Crazy to think there are only two more weeks until Christmas and only three more weeks left of 2023. There’s a lot of joy still to be had and opportunities for your Sugar Land business to increase revenue
And, while the rest of us are checking off our holiday shopping lists, the IRS is continuing its aggressive focus on checking off false ERC claims. Again, if you were one of those who were lured in by ERC mills but weren’t actually eligible for the claim, this is something you’ll want to deal with ASAP. (I’m here for you.)
While this time of year usually signals increased revenue for a lot of my clients, rising costs and the Fed’s interest rate hikes have made it extremely difficult for a lot of businesses to stay afloat.
Inflation alone has negatively affected the cash flow of 48 percent of small businesses in the last six months nationwide. And businesses in some sectors are struggling to hold up to the challenge — tech startups are especially crumbling right now. Also, 40 percent of small businesses reported this year that limited or inconsistent cash flow was their top financial challenge.
So if you would place yourself in that group, you’re not alone.
This is not a new problem historically, and the start of a new year is when businesses are typically thinking about how to fix it proactively. I’ve watched many, many Houston businesses over the years struggle through the cash flow crunch, and some of them fail because of it. Inflation is only accentuating the battle for available funds to pay bills, make investments, and meet payroll.
I’ve shared many financial strategies to achieve positive cash flow with these struggling business owners over the years, and today I want to share some with you. If you want to discuss this more thoroughly in the context of your own books, set up a time to talk:
Let’s start here…
Achieving Positive Cash Flow For Your Sugar Land Business’s Health
“You must gain control over your money or the lack of it will forever control you.” ― Dave Ramsey
Cash flow management is a daily exercise in a small business, and the goal is always to achieve positive cash flow. That is to say, there is more cash coming in than going out. If you’re reading this article, you’re probably not there.
And that’s a problem because if you want to grow a sustainable and healthy business, you need positive cash flow (extra cash) to do that — for inventory purchasing, equipment, and technology upgrades, additional staffing, marketing and advertising, and on and on. You know exactly what I’m talking about because your own list of needs is perpetually hanging over your head.
Where to start?
Cash Flow Statement & Forecasting
If you don’t have one of these in your repertoire of data reports, this is a great place to start. This report summarizes the cash coming in and the cash going out during a given period. In its simplest form, a cash flow statement represents this basic equation:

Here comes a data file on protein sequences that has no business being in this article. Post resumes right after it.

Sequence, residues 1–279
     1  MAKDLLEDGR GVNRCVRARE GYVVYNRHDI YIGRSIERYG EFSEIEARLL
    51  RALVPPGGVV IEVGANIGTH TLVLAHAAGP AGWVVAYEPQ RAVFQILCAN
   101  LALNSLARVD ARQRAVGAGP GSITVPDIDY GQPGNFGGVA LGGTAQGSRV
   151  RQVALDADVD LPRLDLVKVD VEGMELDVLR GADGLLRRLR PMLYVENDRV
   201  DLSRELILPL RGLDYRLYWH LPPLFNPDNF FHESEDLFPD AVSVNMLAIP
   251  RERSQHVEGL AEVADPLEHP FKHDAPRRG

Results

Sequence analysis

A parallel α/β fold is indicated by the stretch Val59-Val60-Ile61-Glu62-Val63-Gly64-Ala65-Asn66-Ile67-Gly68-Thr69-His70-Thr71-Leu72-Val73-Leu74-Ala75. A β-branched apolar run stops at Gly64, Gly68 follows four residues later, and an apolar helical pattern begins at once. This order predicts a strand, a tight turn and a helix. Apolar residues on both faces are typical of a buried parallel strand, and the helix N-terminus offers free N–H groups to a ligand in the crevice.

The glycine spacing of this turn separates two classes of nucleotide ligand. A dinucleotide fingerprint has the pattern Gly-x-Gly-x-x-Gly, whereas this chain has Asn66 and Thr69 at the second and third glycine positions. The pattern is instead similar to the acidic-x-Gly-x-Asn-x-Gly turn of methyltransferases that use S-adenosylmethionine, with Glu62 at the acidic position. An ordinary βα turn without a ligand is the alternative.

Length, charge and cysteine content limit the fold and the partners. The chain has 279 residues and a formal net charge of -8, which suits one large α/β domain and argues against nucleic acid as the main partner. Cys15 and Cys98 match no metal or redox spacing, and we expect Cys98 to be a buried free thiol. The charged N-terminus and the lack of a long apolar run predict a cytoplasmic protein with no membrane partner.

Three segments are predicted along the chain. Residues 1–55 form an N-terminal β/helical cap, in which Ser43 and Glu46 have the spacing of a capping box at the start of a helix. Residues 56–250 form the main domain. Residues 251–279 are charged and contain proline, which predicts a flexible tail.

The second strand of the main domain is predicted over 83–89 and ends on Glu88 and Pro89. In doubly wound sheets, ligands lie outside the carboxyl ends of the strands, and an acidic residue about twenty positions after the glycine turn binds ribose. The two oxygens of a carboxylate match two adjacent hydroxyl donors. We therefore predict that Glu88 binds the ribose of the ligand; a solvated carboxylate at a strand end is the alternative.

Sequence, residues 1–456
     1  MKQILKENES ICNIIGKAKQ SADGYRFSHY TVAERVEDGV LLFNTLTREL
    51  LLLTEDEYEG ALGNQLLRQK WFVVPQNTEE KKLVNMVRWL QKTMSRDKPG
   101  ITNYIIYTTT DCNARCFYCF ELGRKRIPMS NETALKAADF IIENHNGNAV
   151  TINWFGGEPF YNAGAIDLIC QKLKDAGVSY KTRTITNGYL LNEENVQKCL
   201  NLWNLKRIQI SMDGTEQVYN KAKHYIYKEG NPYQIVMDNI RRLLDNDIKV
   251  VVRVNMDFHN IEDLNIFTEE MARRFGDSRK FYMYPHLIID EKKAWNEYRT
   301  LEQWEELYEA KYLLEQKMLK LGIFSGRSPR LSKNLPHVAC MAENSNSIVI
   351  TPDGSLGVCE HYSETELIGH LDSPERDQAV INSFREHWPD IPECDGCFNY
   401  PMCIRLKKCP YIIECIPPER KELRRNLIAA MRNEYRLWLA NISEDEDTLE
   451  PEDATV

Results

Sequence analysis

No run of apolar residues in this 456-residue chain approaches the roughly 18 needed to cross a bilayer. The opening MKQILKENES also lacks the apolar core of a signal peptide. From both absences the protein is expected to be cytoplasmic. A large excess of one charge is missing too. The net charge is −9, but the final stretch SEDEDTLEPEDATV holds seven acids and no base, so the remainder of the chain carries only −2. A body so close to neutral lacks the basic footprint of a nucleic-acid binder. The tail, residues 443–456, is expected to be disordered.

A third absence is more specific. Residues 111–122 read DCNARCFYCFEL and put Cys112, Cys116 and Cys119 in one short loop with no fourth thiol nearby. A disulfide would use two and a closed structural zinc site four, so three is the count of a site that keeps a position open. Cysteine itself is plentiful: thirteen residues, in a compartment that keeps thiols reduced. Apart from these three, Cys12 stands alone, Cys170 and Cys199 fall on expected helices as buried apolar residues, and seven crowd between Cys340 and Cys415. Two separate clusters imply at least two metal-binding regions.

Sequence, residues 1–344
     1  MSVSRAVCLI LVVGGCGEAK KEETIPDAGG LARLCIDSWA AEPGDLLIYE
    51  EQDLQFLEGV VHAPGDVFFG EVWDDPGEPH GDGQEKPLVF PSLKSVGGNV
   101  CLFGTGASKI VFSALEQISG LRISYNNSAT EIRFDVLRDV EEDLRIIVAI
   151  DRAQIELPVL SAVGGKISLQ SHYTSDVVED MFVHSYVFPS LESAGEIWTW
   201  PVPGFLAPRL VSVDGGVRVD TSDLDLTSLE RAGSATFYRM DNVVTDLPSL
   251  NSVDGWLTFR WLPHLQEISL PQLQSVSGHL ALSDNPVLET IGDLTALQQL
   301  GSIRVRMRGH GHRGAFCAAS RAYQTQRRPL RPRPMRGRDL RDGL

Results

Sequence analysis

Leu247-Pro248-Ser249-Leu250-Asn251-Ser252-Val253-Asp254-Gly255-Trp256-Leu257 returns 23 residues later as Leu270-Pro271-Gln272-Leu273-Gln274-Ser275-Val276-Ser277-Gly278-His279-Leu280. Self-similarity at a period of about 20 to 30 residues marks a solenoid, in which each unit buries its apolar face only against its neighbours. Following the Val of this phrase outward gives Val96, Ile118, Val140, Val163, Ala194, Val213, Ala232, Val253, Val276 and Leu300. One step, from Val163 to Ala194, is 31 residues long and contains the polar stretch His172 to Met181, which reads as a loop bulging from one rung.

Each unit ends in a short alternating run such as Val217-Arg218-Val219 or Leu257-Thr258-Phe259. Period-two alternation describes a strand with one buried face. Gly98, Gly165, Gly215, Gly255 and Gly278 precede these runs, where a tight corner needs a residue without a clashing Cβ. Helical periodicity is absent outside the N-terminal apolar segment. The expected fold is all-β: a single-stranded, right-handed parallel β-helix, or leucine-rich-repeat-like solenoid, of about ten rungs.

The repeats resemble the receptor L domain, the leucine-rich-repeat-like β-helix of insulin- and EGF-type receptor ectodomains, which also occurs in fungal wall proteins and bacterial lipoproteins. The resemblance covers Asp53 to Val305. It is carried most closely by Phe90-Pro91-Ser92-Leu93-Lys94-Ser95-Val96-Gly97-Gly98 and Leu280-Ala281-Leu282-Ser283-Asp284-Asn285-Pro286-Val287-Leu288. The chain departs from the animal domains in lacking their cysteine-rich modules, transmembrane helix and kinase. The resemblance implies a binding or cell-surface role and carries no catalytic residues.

Cash on hand minus expenses equals cash flow
However, a cash flow statement is limited in that it doesn’t take into account future transactions. For businesses that are dependent on seasonal dynamics, as one example among many, cash flow forecasting is essential.
Cash flow forecasting is what its name implies: a tool to estimate future income so you can fulfill obligations, anticipate expenses, and establish a realistic plan for growth.
Without the data that these reporting tools provide, the tendency is to make uninformed decisions about how much to increase prices and which expenses can be cut (marketing is typically the first to get prematurely slashed).
Cash Flow Scenarios
One of the ways an accountant can help you achieve positive cash flow is by building out various future scenarios and establishing how to respond. Let’s look at a few examples.
Scenario 1: Late-paying customers
You’re facing a cash flow crunch because some of your clients consistently pay their invoices late, causing you to struggle with bills and payroll.
Possible lever to pull: Implement clear payment terms and follow up
Start by more clearly outlining payment terms on invoices, specifying due dates and late payment penalties. Follow up promptly when invoices are overdue. (Automated invoice reminders can help streamline this process.) You could also consider offering discounts for early payments to incentivize prompt settlements.
Scenario 2: Seasonal revenue fluctuations
An ice cream shop in a beach town, a snow plowing service, a farming operation, a mowing and landscape management company, or any business experiencing a significant drop in revenue during their off seasons.
Possible lever to pull: Diversify offerings and build reserves
During the off season, introduce new services or products. It’s also crucial to set aside profits during the peak season to cover expenses during slow periods.
Scenario 3: Excessive inventory
Your excessive inventory is tying up capital, leading to cash flow constraints.
Possible lever to pull: Optimize inventory management
Closely monitor inventory turnover rate and adjust purchasing accordingly. Consider running clearance sales for slow-moving items or bundle products to encourage sales. Implementing inventory management software can also help in maintaining the right stock levels.
Scenario 4: Unforeseen expenses
Unexpected costs strain cash flow.
Possible lever to pull: Emergency fund and financing options
Having an emergency fund in place can be a lifesaver in such situations. Set aside a portion of profits for unforeseen expenses and explore financing options like a business line of credit to cover immediate costs while preserving cash flow.
The freedom that positive cash flow can provide allows you to tackle other issues of financial business health: increasing savings, reducing debt, or expanding into new markets. Let’s work through your scenarios and start creating solutions:
We’re with you,